Second cancer is the leading cause of death in long-term survivors of
Hodgkin disease (HD), with exceptionally high risks of breast cancer among
women treated at a young age. Quantitative associations between radiotherapy
dose delivered to the breast and administered chemotherapy have not been reported
to date in large series, nor has the influence of ovarian exposures on subsequent
To quantify the long-term risk of breast cancer associated with use
of radiotherapy and chemotherapy to treat young women with HD.
Design, Setting, and Subjects
Matched case-control study of breast cancer within a cohort of 3817
female 1-year survivors of HD diagnosed at age 30 years or younger, between
January 1, 1965, and December 31, 1994, and within 6 population-based cancer
registries. The study was conducted March 1, 1996, through September 30, 1998.
Main Outcome Measures
Relative risk (RR) of breast cancer associated with radiation dose delivered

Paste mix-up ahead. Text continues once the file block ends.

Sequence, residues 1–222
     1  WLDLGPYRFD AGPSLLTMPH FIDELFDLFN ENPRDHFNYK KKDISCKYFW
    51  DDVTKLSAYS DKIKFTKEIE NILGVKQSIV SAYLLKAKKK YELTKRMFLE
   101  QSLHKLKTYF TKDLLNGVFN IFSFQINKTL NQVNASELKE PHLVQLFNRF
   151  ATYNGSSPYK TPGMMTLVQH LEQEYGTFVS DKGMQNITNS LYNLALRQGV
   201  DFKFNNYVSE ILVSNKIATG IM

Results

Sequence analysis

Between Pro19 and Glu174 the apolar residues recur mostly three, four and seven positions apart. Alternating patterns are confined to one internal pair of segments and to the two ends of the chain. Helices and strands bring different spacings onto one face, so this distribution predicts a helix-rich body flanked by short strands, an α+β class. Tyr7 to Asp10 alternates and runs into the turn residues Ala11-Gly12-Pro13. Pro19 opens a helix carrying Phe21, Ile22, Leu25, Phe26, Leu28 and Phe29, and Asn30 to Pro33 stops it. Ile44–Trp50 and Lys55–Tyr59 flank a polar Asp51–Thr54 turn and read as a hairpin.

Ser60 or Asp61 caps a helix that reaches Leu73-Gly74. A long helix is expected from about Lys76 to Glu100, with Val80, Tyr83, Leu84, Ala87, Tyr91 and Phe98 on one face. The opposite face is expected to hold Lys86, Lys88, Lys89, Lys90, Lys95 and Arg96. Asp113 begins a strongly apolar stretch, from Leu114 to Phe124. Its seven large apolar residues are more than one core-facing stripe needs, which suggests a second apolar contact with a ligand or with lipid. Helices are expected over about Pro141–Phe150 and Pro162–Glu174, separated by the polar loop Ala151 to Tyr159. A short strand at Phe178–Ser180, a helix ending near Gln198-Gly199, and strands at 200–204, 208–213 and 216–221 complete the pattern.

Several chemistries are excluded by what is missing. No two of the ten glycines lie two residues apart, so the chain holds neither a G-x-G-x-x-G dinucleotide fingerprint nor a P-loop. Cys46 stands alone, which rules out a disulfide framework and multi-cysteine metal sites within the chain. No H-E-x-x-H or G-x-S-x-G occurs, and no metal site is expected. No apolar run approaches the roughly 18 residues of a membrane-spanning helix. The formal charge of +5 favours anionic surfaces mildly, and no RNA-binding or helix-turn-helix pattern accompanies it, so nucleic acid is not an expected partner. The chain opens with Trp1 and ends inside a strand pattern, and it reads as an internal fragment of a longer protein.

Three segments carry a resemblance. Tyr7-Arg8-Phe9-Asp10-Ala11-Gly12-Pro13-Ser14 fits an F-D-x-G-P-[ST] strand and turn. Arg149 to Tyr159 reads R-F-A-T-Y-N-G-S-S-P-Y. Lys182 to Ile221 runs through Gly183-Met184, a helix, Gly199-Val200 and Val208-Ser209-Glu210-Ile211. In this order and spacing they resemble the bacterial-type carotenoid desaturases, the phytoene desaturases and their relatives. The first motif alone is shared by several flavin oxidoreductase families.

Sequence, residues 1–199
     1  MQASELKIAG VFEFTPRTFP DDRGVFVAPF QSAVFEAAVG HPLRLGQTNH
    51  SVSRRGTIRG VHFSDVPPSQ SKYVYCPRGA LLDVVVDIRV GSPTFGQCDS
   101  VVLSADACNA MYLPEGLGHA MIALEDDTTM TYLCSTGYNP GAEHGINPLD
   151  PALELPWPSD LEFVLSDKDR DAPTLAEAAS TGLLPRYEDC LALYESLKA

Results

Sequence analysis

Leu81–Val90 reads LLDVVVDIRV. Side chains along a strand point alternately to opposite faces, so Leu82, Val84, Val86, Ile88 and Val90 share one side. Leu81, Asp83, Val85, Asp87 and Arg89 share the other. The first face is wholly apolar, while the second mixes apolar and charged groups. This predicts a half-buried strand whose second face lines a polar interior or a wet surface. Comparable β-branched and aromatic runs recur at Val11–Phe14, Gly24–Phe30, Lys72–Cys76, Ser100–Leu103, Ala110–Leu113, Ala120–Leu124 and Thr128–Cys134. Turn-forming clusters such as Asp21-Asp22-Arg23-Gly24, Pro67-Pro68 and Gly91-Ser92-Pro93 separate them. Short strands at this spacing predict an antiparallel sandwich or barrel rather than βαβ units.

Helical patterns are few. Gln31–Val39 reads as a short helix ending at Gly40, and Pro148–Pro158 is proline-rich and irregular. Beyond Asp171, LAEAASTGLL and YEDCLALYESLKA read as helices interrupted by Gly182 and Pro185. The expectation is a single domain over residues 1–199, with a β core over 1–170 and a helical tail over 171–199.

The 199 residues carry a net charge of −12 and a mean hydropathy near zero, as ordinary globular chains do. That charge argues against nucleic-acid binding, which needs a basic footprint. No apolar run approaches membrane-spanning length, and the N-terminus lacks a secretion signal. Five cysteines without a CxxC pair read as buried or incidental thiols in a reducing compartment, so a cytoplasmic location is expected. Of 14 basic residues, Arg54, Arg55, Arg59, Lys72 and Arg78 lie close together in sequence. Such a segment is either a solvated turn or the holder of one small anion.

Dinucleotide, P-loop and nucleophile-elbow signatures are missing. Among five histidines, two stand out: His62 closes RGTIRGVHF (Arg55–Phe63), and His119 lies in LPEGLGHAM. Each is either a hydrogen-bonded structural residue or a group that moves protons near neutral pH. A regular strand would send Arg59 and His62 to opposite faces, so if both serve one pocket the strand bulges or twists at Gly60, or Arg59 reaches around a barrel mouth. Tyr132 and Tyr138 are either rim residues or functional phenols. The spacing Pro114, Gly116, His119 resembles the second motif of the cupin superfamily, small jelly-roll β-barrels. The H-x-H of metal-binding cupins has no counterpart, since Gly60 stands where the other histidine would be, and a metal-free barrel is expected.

to site of breast cancer or to ovaries and with cumulative dose of alkylating
Breast cancer occurred in 105 patients with HD who were matched to 266
patients with HD but without breast cancer. A radiation dose of 4 Gy or more
delivered to the breast was associated with a 3.2-fold (95% confidence interval
[CI], 1.4-8.2) increased risk, compared with the risk in patients who received
lower doses and no alkylating agents. Risk increased to 8-fold (95% CI, 2.6-26.4)
with a dose of more than 40 Gy (P<.001 for trend).
Radiation risk did not vary appreciably by age at exposure or reproductive
history. Increased risks persisted for 25 or more years following radiotherapy
(RR, 2.3; 95% CI, 0.5-16.5; P = .03 for trend with
dose). Treatment with alkylating agents alone resulted in a reduced risk (RR,
0.6; 95% CI, 0.2-2.0) of breast cancer, and combined alkylating agents and
radiotherapy in a 1.4-fold (95% CI, 0.6-3.5) increased risk. Risk of breast
cancer decreased with increasing number of alkylating agent cycles (P = .003 for trend). Risk also was low (RR, 0.4; 95% CI,
0.1-1.1) among women who received 5 Gy or more delivered to ovaries compared
with those who received lower doses.
Hormonal stimulation appears important for the development of radiation-induced
breast cancer, as evidenced by the reduced risk associated with ovarian damage
from alkylating agents or radiation. The high radiation-related risk, which
did not diminish at the highest doses or the longest follow-up, however, suggests
the need for lifetime surveillance and programs of patient and public awareness.